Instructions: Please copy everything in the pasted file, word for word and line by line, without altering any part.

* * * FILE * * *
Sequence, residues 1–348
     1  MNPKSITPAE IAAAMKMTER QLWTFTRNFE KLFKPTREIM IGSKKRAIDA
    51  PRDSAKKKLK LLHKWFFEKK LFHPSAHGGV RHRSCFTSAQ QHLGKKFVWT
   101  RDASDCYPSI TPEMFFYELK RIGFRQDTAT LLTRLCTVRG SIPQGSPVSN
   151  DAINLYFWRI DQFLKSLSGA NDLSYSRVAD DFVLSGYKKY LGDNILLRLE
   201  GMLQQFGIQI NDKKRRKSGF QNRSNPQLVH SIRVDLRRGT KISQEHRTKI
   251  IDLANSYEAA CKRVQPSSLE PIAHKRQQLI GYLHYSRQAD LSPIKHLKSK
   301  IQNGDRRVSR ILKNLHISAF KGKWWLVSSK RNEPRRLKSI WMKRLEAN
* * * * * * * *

Sequence, residues 1–348
     1  MNPKSITPAE IAAAMKMTER QLWTFTRNFE KLFKPTREIM IGSKKRAIDA
    51  PRDSAKKKLK LLHKWFFEKK LFHPSAHGGV RHRSCFTSAQ QHLGKKFVWT
   101  RDASDCYPSI TPEMFFYELK RIGFRQDTAT LLTRLCTVRG SIPQGSPVSN
   151  DAINLYFWRI DQFLKSLSGA NDLSYSRVAD DFVLSGYKKY LGDNILLRLE
   201  GMLQQFGIQI NDKKRRKSGF QNRSNPQLVH SIRVDLRRGT KISQEHRTKI
   251  IDLANSYEAA CKRVQPSSLE PIAHKRQQLI GYLHYSRQAD LSPIKHLKSK
   301  IQNGDRRVSR ILKNLHISAF KGKWWLVSSK RNEPRRLKSI WMKRLEAN